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MONACO (AP) For now, Rafael Nadal doesn’t see himself skipping any major tournaments the way Roger Federer has been sitting out the French Open.

The veterans are back at the top of world tennis, with Nadal needing to win the Monte Carlo Masters this week to avoid losing his top ranking once again to Federer in their seemingly eternal battle for tennis supremacy.

For the second consecutive season, the 36-year-old Federer is skipping the entire clay-court season in order to be at his best on grass.

After coming back from injury to win the Australian Open last year, Federer skipped the clay-court season, won Wimbledon, and retained his Melbourne crown to extend his record tally to 20 majors.

The Swiss star is keeping his aging body fresher by playing a bit less – avoiding Nadal on clay at Roland Garros or elsewhere – and it is working for him.

But Nadal still thinks he can play a full schedule.

“There (are) tournaments that I can’t imagine missing on purpose, because (they are) tournaments that I love to play,” Nadal said on Wednesday. “I don’t see myself missing Monte Carlo on purpose. I don’t see myself missing Wimbledon on purpose, or the U.S. Open, or Australian, or Rome. These kind of events, I don’t see missing (them).”

The 31-year-old Spaniard recently returned from a right hip injury which forced him to retire during the fifth set of his Australian Open quarterfinal against Marin Cilic.

With his 32nd birthday coming up on June 3 – during the French Open – the 16-time Grand Slam champion accepts he may think differently when he gets closer to Federer’s age.

“Of course, when you get older, you need to adjust a little bit more the efforts and the calendar. But for me (it) is difficult to say I don’t play, for example, grass, or I don’t play hard (courts),” Nadal said. “(It) is not in my plan, but I can’t say `never’ because I cannot predict what’s going to be in the future.”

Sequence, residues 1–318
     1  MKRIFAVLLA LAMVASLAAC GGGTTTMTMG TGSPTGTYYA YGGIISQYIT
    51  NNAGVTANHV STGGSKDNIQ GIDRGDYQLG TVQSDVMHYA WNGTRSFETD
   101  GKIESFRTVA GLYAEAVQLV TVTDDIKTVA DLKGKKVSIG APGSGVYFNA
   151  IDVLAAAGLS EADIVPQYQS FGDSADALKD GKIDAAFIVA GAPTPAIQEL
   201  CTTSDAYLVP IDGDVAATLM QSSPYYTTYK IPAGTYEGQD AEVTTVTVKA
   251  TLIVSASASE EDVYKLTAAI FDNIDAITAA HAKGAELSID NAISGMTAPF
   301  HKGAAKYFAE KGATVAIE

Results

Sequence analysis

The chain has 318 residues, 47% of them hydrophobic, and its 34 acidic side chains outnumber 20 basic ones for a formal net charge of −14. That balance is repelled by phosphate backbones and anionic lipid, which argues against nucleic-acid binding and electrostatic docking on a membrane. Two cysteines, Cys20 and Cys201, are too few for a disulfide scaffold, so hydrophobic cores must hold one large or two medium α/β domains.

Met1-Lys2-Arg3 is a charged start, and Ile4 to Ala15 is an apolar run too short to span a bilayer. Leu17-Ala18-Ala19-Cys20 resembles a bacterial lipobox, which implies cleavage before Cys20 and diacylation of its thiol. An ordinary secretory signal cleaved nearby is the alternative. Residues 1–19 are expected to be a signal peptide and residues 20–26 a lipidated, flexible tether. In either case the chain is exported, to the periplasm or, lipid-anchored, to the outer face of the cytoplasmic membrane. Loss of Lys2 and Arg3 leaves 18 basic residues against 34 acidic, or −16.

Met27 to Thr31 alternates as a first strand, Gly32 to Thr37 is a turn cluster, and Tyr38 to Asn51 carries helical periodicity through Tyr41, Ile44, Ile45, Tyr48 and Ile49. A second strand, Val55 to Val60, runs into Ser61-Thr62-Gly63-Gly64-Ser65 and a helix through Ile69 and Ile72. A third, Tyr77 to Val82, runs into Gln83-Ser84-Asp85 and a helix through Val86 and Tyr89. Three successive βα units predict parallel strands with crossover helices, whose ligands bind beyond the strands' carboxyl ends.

Nadal is chasing an 11th title at both Monte Carlo and Roland Garros, which begins on May 27.

More AP tennis coverage: https://apnews.com/tag/apf-Tennis

Jerome Pugmire on Twitter: http://www.twitter.com/jeromepugmire

Thiem reaches third round at Monte Carlo

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MONACO — Dominic Thiem saved a match point and beat Andrey Rublev of Russia 5-7, 7-5, 7-5 in the second round of the Monte Carlo Masters on Tuesday.

Rublev was serving for the match at 5-4, 40-30 but hit a forehand narrowly wide. Fifth-seeded Thiem broke him with backhand pass down the line and held for 6-5.

The Austrian was 15-40 up on Rublev’s serve and clinched victory on his first match point, when Rublev double-faulted with a weak serve into the net.

“I was 10 centimeters from being out of the tournament,” a relieved Thiem said. “But I’m happy that I played two hours and 40 (minutes).”

Thiem has reached the French Open semifinals for the past two years. He next meets 12-time Grand Slam champion Novak Djokovic or Borna Coric of Croatia, who play their second-round match on Wednesday.

“I’m looking forward to watching Djokovic and Coric in front of the TV, and then playing the winner on Thursday,” Thiem said.

In the second round later Tuesday, fourth-seeded Grigor Dimitrov of Bulgaria faced Pierre-Hugues Herbert and seventh-seeded Lucas Pouille played Mischa Zverev.

In remaining first-round play, there were wins for Gilles Simon of France, Marco Cecchinato of Italy and Jan-Lennard Struff of Germany.